As I write this column, Israel’s military has called up reservists and has prepared tanks and artillery units for a possible land assault into Gaza. This follows a weekend in which the same military dropped hundreds of tons of bombs on Gaza, killing or wounding hundreds of Hamas militants; dozens of civilians also are among those killed or wounded.
In many ways, the Israeli attacks on Gaza are an explosively quick endgame to a policy of collective punishment of Palestinians living in Gaza that’s been going on for some time now. In retaliation for rocket and mortar attacks by Hamas and other terrorist organizations in Gaza, Israel has imposed a devastating blockade on Gaza. Because of the blockade, Palestinian children in Gaza suffer from chronic malnutrition. A lack of access to medicine and medical care has led to a rash of otherwise preventable deaths among Gaza’s most vulnerable populations. Now, in the waning days of 2008, Israeli bombs have accelerated what already was happening: the death of innocent Palestinians in an act of collective punishment for the sins of a few terrorists.
Outside of Washington D.C. (and—ahem!—Oahu) most of the world’s leaders have been correct to point out that, while the Palestinians must put an end to the rocket and mortar attacks on Southern Israel, the Israeli response to these attacks has been grossly disproportionate. Reasonable voices have called on both sides to cease hostility.
Amen to that.
Unfortunately, unlike their counterparts around the world, most American politicians, journalists, and religious leaders have yet to denounce the attacks on Gaza. Most of our leaders would rather blame the Palestinians for provoking Israel’s fury than question Israel’s massive use of force.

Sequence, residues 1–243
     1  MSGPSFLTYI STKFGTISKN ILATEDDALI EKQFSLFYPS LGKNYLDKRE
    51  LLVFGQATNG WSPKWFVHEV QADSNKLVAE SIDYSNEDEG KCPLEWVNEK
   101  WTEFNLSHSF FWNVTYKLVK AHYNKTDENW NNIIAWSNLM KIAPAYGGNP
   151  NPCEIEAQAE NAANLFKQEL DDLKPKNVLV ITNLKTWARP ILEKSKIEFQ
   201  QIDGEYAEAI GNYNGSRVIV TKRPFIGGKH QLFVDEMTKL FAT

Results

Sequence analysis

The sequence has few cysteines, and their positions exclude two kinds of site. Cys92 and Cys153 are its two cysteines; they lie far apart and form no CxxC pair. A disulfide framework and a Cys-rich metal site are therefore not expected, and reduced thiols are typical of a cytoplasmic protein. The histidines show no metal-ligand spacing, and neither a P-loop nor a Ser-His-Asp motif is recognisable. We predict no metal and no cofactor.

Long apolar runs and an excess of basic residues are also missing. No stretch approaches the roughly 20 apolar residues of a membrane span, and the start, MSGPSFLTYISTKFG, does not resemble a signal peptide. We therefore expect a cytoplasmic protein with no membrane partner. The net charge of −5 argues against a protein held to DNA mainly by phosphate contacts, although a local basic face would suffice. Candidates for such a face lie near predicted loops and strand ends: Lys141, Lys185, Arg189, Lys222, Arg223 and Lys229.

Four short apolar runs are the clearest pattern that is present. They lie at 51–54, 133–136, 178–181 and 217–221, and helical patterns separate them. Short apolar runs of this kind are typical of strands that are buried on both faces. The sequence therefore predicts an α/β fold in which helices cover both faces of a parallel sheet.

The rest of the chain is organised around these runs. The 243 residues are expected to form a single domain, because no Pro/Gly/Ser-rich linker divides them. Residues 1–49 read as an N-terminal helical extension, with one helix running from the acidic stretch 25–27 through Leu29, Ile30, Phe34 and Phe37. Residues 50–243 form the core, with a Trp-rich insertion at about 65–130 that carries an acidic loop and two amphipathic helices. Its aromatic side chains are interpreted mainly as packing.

There’s no question that Palestinian provocations are morally indefensible, but it’s worth asking if the sins of a few people are ever so heinous that it is moral for an entire population to suffer in punishment for those sins. For most Americans the answer is an hesitant: “it depends.” Before condemning the use of collective punishment we want to know who is doing the punishing and which populations are suffering collectively.
“It depends” is the wrong answer. Collective punishment is the currency of terrorism. In the twisted logic of terrorism, for example, my children are legitimate targets of violence because they are Americans, citizens of a nation whose government has—in the judgment of terrorists—committed any number of atrocities around the globe. Just about every rational and peaceable human being agrees that such logic is bankrupt of even the slightest trace of morality, and we condemn terrorism—just as we should—whenever and wherever it occurs.
But in defiance of common sense and unguided by any cogent moral vision I’m aware of, a significant number of otherwise rational Americans are unable to apply a similar moral analysis to the actions of Israel’s military. We will—with passionate eloquence—condemn Palestinian terrorists for the murder of civilians who are victims of rockets fired into southern Israel, but too many of us then retreat into approving silence when Israel first starves, and then drops bombs on, innocent Palestinians who are no more responsible for the actions of their leaders than are the Israeli citizens who suffer from Palestinian terrorism.
There are no easy answers or simple solutions to the crisis in Gaza, but there are lots of immoral answers and short-sighted solutions, among them is collective punishment. Coming up with alternatives to collective punishment of Gazan Palestinians will require the world’s most creative and compassionate minds. Meanwhile, the humanitarian crisis in Gaza gives Americans—whose tax dollars underwrite the bombardment of innocents in Gaza—the opportunity to gather unto ourselves the moral vision and the courage to denounce the immorality of collective punishment. It is a chance our collective soul can ill-afford to waste.